Don't like Obamacare? Here's an alternative

Obamacare could cost you $4,000 a year To top of page

Company Price Change % Change
Ford Motor Co 8.29 0.05 0.61%
Advanced Micro Devic... 54.59 0.70 1.30%
Cisco Systems Inc 47.49 -2.44 -4.89%
General Electric Co 13.00 -0.16 -1.22%
Kraft Heinz Co 27.84 -2.20 -7.32%
Data as of 2:44pm ET
Index Last Change % Change
Dow 32,627.97 -234.33 -0.71%
Nasdaq 13,215.24 99.07 0.76%
S&P 500 3,913.10 -2.36 -0.06%
Treasuries 1.73 0.00 0.12%
Data as of 6:29am ET
More Galleries
10 of the most luxurious airline amenity kits When it comes to in-flight pampering, the amenity kits offered by these 10 airlines are the ultimate in luxury More
7 startups that want to improve your mental health From a text therapy platform to apps that push you reminders to breathe, these self-care startups offer help on a daily basis or in times of need. More
5 radical technologies that will change how you get to work From Uber's flying cars to the Hyperloop, these are some of the neatest transportation concepts in the works today. More
Worry about the hackers you don't know 
Crime syndicates and government organizations pose a much greater cyber threat than renegade hacker groups like Anonymous. Play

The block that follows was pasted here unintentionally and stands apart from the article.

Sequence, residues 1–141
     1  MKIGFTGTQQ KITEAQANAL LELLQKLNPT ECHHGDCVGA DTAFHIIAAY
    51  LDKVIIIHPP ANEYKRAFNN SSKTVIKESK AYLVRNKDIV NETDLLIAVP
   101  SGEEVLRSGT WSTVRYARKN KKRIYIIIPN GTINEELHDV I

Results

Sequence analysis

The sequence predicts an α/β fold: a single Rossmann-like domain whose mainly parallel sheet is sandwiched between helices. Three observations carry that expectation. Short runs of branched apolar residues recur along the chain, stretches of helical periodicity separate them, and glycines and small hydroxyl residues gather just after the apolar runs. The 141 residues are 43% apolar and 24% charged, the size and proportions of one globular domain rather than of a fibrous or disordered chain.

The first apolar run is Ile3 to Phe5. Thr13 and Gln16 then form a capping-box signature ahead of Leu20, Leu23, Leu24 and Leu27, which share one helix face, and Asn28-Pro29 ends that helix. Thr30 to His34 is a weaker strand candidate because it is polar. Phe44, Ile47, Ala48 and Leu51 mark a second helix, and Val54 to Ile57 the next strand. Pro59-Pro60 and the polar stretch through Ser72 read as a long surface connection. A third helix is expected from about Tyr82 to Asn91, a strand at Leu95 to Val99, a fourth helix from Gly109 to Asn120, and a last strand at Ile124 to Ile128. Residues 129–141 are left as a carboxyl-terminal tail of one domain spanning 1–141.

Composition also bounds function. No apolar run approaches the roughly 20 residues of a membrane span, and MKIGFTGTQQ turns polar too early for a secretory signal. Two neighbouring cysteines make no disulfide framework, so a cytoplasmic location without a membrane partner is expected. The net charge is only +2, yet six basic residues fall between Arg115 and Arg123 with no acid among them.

GE CEO: Bringing jobs back to the U.S. 
Jeff Immelt says the U.S. is a cost competitive market for advanced manufacturing and that GE is bringing jobs back from Mexico. Play
Hamster wheel and wedgie-powered transit 
Red Bull Creation challenges hackers and engineers to invent new modes of transportation. Play

Most stock quote data provided by BATS. Market indices are shown in real time, except for the DJIA, which is delayed by two minutes. All times are ET. Disclaimer. Morningstar: © 2018 Morningstar, Inc. All Rights Reserved. Factset: FactSet Research Systems Inc. 2018. All rights reserved. Chicago Mercantile Association: Certain market data is the property of Chicago Mercantile Exchange Inc. and its licensors. All rights reserved. Dow Jones: The Dow Jones branded indices are proprietary to and are calculated, distributed and marketed by DJI Opco, a subsidiary of S&P Dow Jones Indices LLC and have been licensed for use to S&P Opco, LLC and CNN. Standard & Poor's and S&P are registered trademarks of Standard & Poor's Financial Services LLC and Dow Jones is a registered trademark of Dow Jones Trademark Holdings LLC. All content of the Dow Jones branded indices © S&P Dow Jones Indices LLC 2018 and/or its affiliates.